Thursday, June 25, 2009
All God’s children got a 1957 Nash Rambler Metropolitan
Mrs. RWP and I, along with E. and N. (two of our descendants) and also the dog, just to make things complicated, have jetsetted off in our ten-year-old Toyota sedan for sunny, rainy, sunny, rainy, sunny Tampa Bay in Florida. The purpose of this particular 500-mile trip was to return E. and N. to their rightful owners after a fun-filled month in north Georgia.
I don’t know how much blogging or comment-replying I will be doing for the next week or so. In fact, this may be it, as laptops are at a premium hereabouts. One has to take a number, stand in line, and wait for one’s number to be called.
A comment by Pat -- an Arkansas stamper -- on my last post, in which she confessed to backing her father’s car into a willow tree when she was ten years old, brought one of my own memories up from the deep.
Let me set the scene.
As I mentioned, my parents didn’t own a car. But a few months after my mother died, a co-worker of my dad’s wanted him to meet his widowed sister-in-law (and by his I mean the co-worker’s sister-in-law, of course; my dad already knew his own sister-in-law). So my dad borrowed a little red-and-white Nash Metropolitan -- yes, Virginia, there was a Nash Metropolitan -- from the guy who had delivered the 25-lb. blocks of ice for our ice box before we finally got a refrigerator, and one Saturday in March 1958 we drove 30 miles to Coppell, where the two finally met, my father and my future stepmother, or as I have often thought of them, the irresistible force and the immovable object.
Mildred had been a widow for about a year; her husband of more than 20 years, Clarence, had died of a heart attack the preceding April. She was the mother of four. Her oldest son drove a turquoise 1958 Thunderbird and owned an actual boat. Interesting, but irrelevant. Best of all, to my way of thinking that day, was that her house had indoor plumbing.
So the die was cast. Dad and Mildred fell head over heels for each other. He was 51; she was 43. They knew almost immediately that they wanted to be married to each other. They decided to wait a couple of months, though, until I graduated from high school.
My dad went out that very week and bought a 1952 Dodge or Plymouth (I really can’t remember) for a couple of hundred bucks. It was midnight blue. He wanted a vehicle of his own during the ensuing courting period so that he wouldn’t have to rely on the nice iceman’s miniscule red-and-white Nash Metropolitan, seating capacity: 2. Plus he was a smart man and probably figured out rather quickly that it would be difficult to court anyone in a Nash Metropolitan.
After the second of what became regular Saturday trips to Coppell, Old Blue sat in our driveway unused during the week. On Monday through Friday, Dad rode in the car pool, as usual, to his job at the aircraft factory in Fort Worth. He left our house at 5:45 a.m. every morning. I had just turned 17 and had never driven a car. But I had watched carefully as I sat beside my father on those two trips to Coppell.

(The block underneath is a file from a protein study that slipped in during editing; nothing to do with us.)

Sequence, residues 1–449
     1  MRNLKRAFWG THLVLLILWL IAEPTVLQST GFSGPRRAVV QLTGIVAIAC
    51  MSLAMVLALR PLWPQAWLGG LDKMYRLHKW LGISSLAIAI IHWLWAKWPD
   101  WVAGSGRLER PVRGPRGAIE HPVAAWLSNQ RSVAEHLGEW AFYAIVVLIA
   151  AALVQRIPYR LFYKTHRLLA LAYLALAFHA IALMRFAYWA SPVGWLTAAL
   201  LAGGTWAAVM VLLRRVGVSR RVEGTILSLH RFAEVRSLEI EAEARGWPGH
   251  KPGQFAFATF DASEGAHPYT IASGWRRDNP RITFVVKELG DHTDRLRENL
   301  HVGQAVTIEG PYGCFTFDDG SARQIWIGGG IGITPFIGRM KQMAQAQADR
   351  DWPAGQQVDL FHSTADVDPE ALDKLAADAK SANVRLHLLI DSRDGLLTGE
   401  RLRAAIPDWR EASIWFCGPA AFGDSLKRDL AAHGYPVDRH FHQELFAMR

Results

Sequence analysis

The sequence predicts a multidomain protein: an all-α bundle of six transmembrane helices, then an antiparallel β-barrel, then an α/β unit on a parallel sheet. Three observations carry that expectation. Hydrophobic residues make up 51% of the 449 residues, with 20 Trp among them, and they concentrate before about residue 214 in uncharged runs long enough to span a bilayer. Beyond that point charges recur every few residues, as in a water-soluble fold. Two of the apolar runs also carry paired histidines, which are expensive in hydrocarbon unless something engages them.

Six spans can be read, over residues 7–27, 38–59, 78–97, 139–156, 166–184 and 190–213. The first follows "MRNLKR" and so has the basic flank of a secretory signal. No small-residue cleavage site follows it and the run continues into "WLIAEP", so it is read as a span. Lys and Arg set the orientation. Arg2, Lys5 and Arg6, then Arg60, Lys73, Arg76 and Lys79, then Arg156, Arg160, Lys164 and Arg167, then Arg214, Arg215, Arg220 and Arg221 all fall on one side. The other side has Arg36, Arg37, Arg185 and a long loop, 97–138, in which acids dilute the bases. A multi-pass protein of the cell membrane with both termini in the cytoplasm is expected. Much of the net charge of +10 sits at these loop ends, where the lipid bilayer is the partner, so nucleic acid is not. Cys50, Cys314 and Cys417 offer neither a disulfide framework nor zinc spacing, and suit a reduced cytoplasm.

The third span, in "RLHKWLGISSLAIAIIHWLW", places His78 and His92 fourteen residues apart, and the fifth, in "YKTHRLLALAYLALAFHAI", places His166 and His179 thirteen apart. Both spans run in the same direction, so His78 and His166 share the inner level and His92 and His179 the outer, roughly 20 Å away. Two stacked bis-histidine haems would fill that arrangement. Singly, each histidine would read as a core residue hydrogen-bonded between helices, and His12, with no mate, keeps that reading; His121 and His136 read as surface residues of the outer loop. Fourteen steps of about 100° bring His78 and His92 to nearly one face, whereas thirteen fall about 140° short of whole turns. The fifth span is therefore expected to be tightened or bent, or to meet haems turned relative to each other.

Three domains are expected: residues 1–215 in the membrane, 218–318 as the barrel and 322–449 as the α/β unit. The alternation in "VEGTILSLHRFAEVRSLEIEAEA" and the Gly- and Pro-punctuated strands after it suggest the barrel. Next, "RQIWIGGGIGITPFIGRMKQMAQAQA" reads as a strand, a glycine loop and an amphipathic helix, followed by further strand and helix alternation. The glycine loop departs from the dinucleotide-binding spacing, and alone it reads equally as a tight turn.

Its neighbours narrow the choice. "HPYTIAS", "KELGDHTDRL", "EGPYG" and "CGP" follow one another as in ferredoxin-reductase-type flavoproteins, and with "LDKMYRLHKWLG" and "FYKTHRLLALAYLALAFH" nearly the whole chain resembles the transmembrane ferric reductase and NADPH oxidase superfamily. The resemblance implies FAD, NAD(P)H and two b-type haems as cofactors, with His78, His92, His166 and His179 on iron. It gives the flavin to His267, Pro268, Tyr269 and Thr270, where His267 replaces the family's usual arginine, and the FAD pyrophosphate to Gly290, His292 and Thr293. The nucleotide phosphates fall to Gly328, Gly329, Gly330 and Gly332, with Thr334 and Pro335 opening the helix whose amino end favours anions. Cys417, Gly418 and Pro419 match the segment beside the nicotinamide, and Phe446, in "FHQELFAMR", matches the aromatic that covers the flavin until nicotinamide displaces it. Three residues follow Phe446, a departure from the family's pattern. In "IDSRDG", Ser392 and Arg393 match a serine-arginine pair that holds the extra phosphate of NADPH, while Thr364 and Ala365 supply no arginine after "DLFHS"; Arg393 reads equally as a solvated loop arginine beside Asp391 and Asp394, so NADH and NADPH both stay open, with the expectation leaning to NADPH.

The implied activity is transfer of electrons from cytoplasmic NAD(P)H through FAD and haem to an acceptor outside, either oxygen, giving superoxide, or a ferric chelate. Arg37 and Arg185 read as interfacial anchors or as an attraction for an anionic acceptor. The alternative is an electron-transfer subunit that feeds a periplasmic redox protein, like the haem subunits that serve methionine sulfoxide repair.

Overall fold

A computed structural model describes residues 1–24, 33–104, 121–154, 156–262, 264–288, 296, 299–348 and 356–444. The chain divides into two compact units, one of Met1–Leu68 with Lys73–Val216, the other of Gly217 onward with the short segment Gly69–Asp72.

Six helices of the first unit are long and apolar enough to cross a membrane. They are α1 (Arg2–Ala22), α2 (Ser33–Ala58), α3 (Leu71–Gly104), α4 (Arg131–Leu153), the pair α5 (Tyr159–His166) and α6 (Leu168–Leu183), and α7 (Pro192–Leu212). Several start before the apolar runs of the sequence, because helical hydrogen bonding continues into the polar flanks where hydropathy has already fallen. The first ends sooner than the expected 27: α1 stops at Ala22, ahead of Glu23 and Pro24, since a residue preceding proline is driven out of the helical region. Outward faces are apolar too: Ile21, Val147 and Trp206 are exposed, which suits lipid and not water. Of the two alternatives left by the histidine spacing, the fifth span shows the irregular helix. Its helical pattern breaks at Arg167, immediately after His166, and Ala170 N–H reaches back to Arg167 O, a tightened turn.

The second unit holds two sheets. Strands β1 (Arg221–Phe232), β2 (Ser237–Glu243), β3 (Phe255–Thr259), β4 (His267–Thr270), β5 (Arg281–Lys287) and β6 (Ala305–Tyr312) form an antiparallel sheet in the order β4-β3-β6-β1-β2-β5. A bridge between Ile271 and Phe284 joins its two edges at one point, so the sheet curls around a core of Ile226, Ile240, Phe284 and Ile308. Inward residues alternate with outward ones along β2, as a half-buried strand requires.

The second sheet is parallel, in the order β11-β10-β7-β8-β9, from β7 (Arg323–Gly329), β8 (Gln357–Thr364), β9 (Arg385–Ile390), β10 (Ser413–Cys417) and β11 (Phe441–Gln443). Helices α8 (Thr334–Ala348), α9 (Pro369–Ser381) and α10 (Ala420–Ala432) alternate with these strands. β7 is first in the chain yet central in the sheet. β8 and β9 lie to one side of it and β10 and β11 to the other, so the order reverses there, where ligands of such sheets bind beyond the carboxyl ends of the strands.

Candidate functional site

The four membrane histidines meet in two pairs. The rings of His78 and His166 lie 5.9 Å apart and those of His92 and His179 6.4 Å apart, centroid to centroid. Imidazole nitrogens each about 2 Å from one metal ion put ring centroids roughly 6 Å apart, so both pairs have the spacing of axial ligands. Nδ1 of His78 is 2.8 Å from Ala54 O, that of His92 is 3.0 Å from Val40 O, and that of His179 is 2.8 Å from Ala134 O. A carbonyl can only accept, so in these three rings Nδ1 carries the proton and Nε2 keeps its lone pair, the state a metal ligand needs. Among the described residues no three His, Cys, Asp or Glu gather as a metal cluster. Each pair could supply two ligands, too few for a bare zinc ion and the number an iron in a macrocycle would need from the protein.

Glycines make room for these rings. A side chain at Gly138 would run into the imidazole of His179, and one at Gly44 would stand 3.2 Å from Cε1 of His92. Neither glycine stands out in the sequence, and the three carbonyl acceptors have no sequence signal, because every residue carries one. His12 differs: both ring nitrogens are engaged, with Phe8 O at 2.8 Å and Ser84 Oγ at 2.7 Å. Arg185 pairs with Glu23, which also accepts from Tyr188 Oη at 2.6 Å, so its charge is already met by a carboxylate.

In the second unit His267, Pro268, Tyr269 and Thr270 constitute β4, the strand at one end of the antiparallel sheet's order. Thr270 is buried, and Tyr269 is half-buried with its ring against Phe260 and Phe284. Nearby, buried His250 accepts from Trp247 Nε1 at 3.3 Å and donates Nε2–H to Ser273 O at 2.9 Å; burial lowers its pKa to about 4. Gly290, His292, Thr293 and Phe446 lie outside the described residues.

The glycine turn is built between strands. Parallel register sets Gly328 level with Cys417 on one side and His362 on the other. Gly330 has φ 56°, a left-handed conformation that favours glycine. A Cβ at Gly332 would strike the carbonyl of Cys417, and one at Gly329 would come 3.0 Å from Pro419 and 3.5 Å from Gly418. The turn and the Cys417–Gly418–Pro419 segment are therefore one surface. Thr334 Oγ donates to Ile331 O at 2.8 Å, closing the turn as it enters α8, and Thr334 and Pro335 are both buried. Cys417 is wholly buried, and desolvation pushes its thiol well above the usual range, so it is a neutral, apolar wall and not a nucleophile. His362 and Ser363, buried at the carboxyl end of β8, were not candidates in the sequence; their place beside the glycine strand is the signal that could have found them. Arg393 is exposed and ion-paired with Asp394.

I was getting ready for school one morning and thought to myself, “Driving a car looks pretty easy. I bet I could drive that car to school and return it to the exact spot this afternoon and Dad would never even know I took it.”
At the place where our oval driveway joined the dirt road that passed our house stood a big oak tree. Driving turned out to be a little more complicated than I had envisioned. After an initial sudden lurch forward, I guess I froze. I know I didn’t brake; I know I didn’t steer. But I definitely accelerated.
Ka-BOOM! I drove Old Blue right into the oak tree. The tree was not harmed in the least, but the entire right front quarter of the car had met its Waterloo, had rendezvoused with its own immovable object, had been damaged beyond repair.
That day was one of the worst days of my life. I knew my dad was going to kill me, or worse, when he got home. He had a quick hand and a wide belt and I knew I was doomed. If it had been possible, I would have died a thousand deaths that day.
At 5:00 p.m., my dad came sauntering up the dirt road from where his carpool dropped him off at the paved road. He, of course, was very surprised to see what he saw at the end of our driveway.
As it turned out, Dad was philosophical and I wasn’t punished. He even laughed, I think. He said he thought my living in fear all day long was punishment enough. He went out the next day and bought a baby-blue, 1953 Chevrolet and continued courting my stepmother on the weekends. As far as he was concerned, Old Blue was just a means to an end, and one means was as good as another.
Love saved the day. Not his love for me. His love for my stepmother.
That accident and its aftermath put the fear of God into me. No wonder I waited five more years to learn to drive a car, and then only because I imagined the ridicule I would face if my bride had driven us away from the church.
I remember the 1953 Chevrolet, because we had it for several years. So successfully have I suppressed the memory of the few days we owned Old Blue that I cannot remember whether he or she or it was a 1952 Dodge or a 1952 Plymouth. But I will never forget what started it all, that borrowed red-and-white Nash Rambler Metropolitan Coupe, seating capacity: 2.
(Eventually a photograph will go here)
(This looks just like the one Dad borrowed, but according to the internet it is owned by Dale Carrington of Puyallup, Washington.)